This debut gem from Eskil Vogt follows Ingrid who, having recently lost her sight, exists only in her apartment with her thoughts as a means of escape…
Ingrid has recently lost her sight. She lives with her architect husband Morten in a beautiful apartment building, which she has trapped herself inside. Refusing to step outside, her only connections to the outside world are the dreams and fantasies with which she fills her days. These thoughts soon threaten to overthrow the comfortable cage Ingrid has put herself in and force her to look deeper inside herself for an answer for her problems.
Like ‘Vanishing Waves’ before it, ‘BLIND’ is a genre-defying attempt to harmonise the internal and the external - on one hand Ingrid, expertly played by Ellen Dorrit Petersen , is a highly isolated character - paranoid at times, highly elusive at others - and yet her astute understanding of the world around her acts as continious commentary on what the audience sees creating a sense of engagement which many other films lack. Add to this mix the entirely plausible characters which populate the world around her and what you get is a smart but engaging genre film which will appeal to anyone who is seeking something beyond the norm.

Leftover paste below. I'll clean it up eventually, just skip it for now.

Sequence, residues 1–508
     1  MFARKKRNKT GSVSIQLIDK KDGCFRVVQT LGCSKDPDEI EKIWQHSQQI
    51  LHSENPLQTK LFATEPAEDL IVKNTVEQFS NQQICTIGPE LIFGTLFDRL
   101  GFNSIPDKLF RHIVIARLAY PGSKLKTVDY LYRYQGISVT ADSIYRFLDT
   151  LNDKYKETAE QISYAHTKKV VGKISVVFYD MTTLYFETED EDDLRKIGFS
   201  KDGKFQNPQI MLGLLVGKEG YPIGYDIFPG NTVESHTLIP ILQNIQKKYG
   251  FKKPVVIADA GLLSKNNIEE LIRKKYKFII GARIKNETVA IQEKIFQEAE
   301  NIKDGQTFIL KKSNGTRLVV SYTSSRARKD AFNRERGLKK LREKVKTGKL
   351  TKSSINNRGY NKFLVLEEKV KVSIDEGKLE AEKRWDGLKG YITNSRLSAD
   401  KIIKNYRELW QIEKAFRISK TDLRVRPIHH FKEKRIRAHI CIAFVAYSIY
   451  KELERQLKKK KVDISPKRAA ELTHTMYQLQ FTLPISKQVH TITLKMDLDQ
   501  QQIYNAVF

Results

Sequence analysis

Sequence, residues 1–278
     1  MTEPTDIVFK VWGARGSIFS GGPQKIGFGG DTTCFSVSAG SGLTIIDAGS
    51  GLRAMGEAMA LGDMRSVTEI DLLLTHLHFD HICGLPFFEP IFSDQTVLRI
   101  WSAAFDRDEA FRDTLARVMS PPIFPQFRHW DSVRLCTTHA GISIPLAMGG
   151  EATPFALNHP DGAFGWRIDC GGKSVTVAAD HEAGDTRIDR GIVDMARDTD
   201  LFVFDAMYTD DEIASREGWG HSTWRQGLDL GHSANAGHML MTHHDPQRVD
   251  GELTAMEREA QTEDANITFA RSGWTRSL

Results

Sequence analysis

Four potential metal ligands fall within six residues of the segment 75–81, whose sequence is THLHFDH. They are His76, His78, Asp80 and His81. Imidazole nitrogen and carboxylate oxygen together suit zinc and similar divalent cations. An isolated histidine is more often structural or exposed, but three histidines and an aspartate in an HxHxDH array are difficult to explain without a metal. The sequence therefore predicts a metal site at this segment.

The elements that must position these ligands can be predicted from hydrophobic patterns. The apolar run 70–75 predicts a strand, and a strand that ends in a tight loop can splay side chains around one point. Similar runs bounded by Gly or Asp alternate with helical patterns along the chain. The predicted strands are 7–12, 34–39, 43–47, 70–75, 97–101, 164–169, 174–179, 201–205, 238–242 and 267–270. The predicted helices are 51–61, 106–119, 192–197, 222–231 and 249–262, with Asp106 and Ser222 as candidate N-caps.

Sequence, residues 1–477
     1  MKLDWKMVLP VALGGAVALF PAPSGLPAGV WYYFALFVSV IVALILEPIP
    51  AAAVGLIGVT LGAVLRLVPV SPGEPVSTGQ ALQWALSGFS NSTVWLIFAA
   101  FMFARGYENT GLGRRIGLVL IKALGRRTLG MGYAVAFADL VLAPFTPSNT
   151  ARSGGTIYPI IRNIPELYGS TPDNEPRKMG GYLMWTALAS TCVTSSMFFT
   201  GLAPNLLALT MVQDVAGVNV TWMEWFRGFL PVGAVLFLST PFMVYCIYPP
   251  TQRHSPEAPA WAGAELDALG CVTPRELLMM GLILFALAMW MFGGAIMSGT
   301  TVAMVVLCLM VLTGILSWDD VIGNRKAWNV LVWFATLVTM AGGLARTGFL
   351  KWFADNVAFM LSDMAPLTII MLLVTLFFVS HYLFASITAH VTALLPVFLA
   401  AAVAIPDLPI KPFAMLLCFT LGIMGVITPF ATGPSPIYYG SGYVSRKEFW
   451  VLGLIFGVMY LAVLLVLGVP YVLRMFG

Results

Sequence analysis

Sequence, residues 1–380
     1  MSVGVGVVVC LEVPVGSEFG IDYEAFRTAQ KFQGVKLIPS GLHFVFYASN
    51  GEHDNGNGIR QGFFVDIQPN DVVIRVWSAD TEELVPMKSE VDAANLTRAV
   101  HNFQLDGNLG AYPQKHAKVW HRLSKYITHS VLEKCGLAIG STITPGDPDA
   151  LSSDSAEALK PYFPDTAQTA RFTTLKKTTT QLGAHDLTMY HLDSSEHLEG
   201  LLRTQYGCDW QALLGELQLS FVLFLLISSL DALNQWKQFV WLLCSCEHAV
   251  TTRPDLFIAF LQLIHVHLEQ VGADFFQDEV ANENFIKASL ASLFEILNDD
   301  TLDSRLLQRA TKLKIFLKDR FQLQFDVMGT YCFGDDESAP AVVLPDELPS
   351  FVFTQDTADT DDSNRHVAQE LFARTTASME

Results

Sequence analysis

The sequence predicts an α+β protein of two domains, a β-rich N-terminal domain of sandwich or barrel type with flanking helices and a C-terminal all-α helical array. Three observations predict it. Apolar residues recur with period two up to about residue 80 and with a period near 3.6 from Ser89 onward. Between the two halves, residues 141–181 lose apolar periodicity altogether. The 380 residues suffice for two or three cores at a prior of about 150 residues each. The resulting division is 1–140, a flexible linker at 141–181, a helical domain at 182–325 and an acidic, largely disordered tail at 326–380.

BLIND is a visual poem, a clever construct which is visually stunning and emotionally complex. Debut helmer Eskil Vogt creates a multi-layered world in which nothing is what it seems. The deeper Ingrid delves into her own thoughts, the more engaging and three-dimensional a visual world the audience encounters. Full of funny visual gags and hard-hitting emotional truths, BLIND is a film like no other - it taunts whilst it teases and amuses while it challenges.
See it, debate it and fall in love with it.(Evrim Ersoy)